The authors bring us the heroes of the day and the incredible drama of the battle itself. Fortunes rose and fell for the French, culminating in the terrible repulse of the Imperial Guard. The great cavalry charge which fell on the British squares is covered in detail, and we even learn the preferred breeds of horses used by the French.War History Online, Mark Barnes
All these details help to make this account a brilliant read. I feel I have learned so much from it and the effect has been to make me want to go back to Waterloo to walk the battlefield on a gradual exploration of that terrible day in 1815... They were tough blokes who saw some terrible and exciting sights in their lives and their story is well worth a read. This book really does the job and I have no hesitation in recommending it to the house.
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What is very obvious is the authors are steeped in their subject and are extremely knowledgeable. This is a work of scholarship. It will become the reference work of choice for those who need or choose to understand deeply what was happening in the build up to and action in June 1815. It is also a work of social history with its detail about the officers and men who served in this elite formation. The men who were wounded suffered unbelievable pain as when a leg damaged by shot has to be removed at the top of the femur. Just imagine the horror of that.Robert Bartlett
Definitely a great read for all Napoleonic War enthusiasts.The Armourer, April 2019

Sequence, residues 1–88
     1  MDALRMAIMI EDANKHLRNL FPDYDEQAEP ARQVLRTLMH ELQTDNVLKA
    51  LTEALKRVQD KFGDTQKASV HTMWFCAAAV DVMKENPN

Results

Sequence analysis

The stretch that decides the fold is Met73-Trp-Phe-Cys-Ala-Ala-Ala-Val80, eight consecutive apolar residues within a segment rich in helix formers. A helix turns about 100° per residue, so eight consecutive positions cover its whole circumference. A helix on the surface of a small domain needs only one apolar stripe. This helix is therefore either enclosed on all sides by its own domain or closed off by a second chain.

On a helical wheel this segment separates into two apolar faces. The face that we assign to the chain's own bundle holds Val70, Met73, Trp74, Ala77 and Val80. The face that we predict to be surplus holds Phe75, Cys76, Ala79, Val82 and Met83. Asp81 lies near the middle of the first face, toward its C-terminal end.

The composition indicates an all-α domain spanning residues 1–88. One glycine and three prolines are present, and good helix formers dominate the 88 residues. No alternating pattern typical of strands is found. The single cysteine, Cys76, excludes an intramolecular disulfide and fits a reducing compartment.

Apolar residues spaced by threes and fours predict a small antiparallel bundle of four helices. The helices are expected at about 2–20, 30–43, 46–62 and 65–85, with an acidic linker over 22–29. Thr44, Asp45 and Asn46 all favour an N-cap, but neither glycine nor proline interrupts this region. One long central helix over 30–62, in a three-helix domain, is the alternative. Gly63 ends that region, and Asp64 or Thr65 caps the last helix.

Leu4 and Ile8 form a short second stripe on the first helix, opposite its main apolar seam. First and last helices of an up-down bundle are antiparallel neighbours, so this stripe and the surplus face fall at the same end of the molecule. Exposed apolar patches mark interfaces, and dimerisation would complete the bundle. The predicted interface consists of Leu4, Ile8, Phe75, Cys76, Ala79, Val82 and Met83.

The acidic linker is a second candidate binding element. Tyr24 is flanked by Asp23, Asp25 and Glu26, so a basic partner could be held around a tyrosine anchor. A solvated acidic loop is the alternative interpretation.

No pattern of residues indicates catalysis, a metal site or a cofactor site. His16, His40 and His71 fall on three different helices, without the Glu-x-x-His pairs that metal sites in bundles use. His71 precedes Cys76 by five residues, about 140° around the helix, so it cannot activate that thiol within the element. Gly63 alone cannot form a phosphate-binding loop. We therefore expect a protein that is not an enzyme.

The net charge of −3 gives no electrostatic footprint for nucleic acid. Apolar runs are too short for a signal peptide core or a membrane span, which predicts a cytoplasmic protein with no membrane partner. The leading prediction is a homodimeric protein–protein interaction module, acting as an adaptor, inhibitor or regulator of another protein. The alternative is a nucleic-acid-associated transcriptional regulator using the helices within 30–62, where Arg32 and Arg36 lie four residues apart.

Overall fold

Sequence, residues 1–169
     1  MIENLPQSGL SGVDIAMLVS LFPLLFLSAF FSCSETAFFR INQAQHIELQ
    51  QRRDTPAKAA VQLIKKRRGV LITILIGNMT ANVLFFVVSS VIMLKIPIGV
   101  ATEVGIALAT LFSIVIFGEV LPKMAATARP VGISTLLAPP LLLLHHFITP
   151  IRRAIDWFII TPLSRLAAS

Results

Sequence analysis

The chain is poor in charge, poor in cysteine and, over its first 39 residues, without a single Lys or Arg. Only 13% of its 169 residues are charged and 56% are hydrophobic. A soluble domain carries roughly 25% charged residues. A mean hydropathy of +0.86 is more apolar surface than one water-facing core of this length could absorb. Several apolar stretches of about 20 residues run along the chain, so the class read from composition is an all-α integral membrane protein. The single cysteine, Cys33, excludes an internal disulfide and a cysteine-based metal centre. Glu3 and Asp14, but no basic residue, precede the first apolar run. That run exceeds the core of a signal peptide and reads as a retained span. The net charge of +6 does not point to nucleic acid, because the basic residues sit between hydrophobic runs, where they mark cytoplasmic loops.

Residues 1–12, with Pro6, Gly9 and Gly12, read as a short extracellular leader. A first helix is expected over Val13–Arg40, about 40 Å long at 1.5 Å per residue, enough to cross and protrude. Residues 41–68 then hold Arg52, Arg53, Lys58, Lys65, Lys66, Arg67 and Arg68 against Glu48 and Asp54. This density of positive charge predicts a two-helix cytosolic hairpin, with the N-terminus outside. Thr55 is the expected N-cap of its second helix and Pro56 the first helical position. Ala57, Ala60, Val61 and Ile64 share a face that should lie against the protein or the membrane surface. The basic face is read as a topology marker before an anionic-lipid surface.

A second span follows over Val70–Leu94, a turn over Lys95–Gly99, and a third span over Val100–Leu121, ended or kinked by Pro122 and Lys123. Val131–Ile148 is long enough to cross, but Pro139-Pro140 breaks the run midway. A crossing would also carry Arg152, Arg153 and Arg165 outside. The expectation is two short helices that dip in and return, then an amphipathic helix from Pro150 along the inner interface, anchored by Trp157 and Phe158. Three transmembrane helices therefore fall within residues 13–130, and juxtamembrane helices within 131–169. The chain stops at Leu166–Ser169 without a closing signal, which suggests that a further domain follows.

Let me emphasise that this is a work of profound scholarship, by two acknowledged experts on the 'Era', dealing with the role of the Foot Guards at Waterloo. In fact, the scholarship is so profound, that it is unlikely that any “sane person” will wish to consider this particular aspect ever again. The detail is amazing. I doubt that anyone will even dare to try! There may be small disputes on the interpretation on minor matters of detail, but it would be a bold and rash stroke for anyone to deny that this book is, perhaps, the final word on this aspect.Robin de Wilde
This book reads very well and is packed with information in the main text and in detail in the appendices.Firetrench
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In our opinion this book successfully bridges what is a difficult divide between a reference book and a good sit down read and, as such, will delight both the Waterloo buff and the casual reader.Clash of Steel
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A quite stunning book. The ideal combination of a serious reference book and a very informed and readable narrative. Calling on various known and lesser known sources the authors have created a masterpiece that sits well in the volumes of Waterloo references. They have also managed the data so that it is relevant in the narrative which makes it so much easier and more enjoyable to read. Full marks for an excellent book.Michael McCarthy
Michael McCarthy. Battlefield Guide.
In February 1810, Wellington formed what became the most famous unit in the Peninsular War: the Light Division. Formed around the 43rd and 52nd Light Infantry and the 95th Rifles, the exploits of these three regiments is legendary. Over the next 50 months, the division would fight and win glory in almost every battle and siege of the Peninsular War. Key to the understanding how the division achieved its fame is an understanding of their excellence and tradition that was established from its founding. It began on the border of Spain and Portugal where it served as a screen between Wellington’s…By Robert Burnham